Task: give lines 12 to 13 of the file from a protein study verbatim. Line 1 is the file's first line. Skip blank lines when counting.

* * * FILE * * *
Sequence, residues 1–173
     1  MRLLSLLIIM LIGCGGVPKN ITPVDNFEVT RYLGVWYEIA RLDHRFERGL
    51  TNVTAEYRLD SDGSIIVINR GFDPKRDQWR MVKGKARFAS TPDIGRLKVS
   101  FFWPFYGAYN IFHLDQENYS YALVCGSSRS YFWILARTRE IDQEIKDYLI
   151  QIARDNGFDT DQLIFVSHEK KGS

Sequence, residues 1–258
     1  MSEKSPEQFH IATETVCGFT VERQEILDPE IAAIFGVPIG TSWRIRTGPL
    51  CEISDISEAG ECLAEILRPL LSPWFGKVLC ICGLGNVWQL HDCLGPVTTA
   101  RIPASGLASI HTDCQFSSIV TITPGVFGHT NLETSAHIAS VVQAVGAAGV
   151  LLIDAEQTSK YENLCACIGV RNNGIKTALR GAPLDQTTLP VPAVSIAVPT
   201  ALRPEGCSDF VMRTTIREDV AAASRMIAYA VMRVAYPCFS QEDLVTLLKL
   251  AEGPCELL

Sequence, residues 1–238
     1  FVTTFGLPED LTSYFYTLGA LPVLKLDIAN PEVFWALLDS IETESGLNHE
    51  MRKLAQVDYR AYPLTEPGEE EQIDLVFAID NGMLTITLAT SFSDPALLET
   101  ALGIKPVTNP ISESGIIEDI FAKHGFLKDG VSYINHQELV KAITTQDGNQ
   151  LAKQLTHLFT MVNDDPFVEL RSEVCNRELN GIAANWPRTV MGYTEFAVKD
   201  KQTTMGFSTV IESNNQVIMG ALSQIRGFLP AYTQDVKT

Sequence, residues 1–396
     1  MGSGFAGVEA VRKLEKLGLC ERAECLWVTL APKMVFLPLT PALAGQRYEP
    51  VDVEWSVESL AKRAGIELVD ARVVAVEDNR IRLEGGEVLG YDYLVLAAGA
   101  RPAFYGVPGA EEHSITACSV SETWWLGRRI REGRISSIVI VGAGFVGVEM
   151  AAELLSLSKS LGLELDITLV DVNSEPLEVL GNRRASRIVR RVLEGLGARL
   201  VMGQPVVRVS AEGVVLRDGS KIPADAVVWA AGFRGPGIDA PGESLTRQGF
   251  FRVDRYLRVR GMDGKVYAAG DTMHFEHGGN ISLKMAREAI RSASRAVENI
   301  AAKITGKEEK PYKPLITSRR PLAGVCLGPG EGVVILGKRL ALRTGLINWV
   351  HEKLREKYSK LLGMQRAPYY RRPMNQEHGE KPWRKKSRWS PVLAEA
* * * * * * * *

   251  AEGPCELL

Sequence, residues 1–238